Large companies tend to take a different approach. The levels of middle management are generally responsible for dozens, if not hundreds of employees under them. Their very appearance is an example for others to follow, and casual dress is rarely allowed. In modern days, you won’t find many people rocking a full suit on a standard working day here unless the people on top have specifically requested it. However, if you’re at a level where you need to work directly with clients that have a lot of money invested in your company and/or product, you are expected to dress with respect for the people you’re working with.
Think about it. If you’re a millionaire banker or a business owner and you’re working with a tech company to provide your business with a specific product, wouldn’t you be more assured that the company you’re working with is capable of producing a consistent and professional product if that person takes the time and consideration to put a tie on before your meeting?
At this point, it doesn’t matter what your corporate mentality is. What matters most is what customers at that level perceive, and many of them are still “old-fashioned fuddy-duddies” that probably don’t take into account the relaxed atmosphere that promotes free-flowing ideas and innovation.
It’s difficult for smaller companies to separate between the executive and the entry-level employee. In some cases, these could be the same people. Depending on your particular niche in the technology sector, your executive may never need to don anything more than a hoodie and jeans to show up to work and get the job done.
Larger companies, especially publicly traded ones, are very different. Executives set an example to management, and management sets the example for everyone else. Imagine if the Vice President of Marketing for Microsoft showed up and toured a facility wearing attire that didn’t meet the standards managers or even entry-level employees were held to. The natural response for some would be to break the rules themselves, citing that so-and-so did it. It causes confusion and difficulties on some level.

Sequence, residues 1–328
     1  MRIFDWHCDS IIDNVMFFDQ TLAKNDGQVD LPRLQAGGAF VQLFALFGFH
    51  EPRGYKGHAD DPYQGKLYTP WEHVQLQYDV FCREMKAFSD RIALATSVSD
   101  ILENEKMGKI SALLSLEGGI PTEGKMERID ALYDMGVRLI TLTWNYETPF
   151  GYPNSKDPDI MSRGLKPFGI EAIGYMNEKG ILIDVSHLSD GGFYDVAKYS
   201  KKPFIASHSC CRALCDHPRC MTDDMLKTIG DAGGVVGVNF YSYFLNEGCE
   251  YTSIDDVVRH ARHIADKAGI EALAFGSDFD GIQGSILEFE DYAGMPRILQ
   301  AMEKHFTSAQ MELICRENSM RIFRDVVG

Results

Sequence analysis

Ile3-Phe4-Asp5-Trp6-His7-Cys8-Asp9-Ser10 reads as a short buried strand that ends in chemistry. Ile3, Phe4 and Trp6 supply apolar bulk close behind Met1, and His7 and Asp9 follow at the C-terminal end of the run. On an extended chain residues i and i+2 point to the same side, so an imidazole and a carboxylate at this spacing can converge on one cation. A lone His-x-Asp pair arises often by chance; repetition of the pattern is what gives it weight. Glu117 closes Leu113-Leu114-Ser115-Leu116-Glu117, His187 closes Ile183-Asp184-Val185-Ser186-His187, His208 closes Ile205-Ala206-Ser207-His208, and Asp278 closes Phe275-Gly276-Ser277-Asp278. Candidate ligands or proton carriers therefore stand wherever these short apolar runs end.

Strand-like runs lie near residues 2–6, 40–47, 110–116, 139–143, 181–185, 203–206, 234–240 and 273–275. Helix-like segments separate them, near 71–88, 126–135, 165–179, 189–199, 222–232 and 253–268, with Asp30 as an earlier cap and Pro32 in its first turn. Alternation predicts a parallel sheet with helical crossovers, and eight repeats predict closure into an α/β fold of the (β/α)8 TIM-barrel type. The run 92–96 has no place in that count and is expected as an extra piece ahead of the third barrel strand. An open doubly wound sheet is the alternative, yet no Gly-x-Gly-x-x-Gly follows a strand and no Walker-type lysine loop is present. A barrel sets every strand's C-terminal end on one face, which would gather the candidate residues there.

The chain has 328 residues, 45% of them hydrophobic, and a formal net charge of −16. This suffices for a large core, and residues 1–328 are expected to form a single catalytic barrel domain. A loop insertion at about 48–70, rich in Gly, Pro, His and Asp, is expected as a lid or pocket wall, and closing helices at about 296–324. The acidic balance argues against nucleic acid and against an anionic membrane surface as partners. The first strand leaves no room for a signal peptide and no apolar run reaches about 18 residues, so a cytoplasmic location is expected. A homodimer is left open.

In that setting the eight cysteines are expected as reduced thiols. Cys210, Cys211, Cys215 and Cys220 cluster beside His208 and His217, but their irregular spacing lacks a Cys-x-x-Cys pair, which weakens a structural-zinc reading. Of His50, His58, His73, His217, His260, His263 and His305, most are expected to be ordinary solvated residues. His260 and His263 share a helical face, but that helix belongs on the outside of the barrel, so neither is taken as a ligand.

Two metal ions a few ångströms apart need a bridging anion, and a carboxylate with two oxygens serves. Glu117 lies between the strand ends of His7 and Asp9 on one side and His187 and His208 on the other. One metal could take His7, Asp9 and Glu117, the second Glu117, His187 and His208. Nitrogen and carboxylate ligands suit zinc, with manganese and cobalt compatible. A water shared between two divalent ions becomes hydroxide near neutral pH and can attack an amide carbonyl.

Executives are also usually responsible for meeting with investors, the most important of clients, and in some cases are the public representatives of the company. While Mark Zuckerberg may wear his hoodie almost all the time, the people reporting directly to him are probably sporting a suit to at least some of their meetings.
These days, the use of a tie with a suit isn’t as mandatory as it once was. If you do a Google Image search for CTO, CEO, COO, or any other executive level title and accompany it with the word “tech,” you’re probably going to see a bunch of photos of individuals wearing suits with a buttoned shirt, sans the tie.
While suits may still be relevant at managerial, administrative, and executive levels; the tie is the fashion accessory that would appear to be left at home more and more often as time goes by. Technology conferences are full of people wearing blue buttoned long-sleeved shirts and khaki pants, but not so much folks wearing jeans and a t-shirt.
Bottom line: You should dress for the job you want. If your boss wears buttoned shirts with slacks, then you might gain a subconscious advantage over the rest of your team by doing the same. There’s no crime in dressing up now and then, and citing billionaire industry leaders as your reason for not doing so could very well cause you more harm than good. After all, these are the rock stars of the technology industry and not everyone can get away with dressing like a rock star.
Yes, you can survive in the technology sector, even at higher levels, without owning a suit. At the very least however, it’s never a bad idea to invest in a blazer and have at least one tie somewhere in your closet, just in case.
What do you think? Is there a point where you should drop the hoodie and wear something more business-oriented? Is dressing down a hindrance or an asset to Mark Zuckerberg in his quest to find investors?
Men’s Tie by Jiri Hodan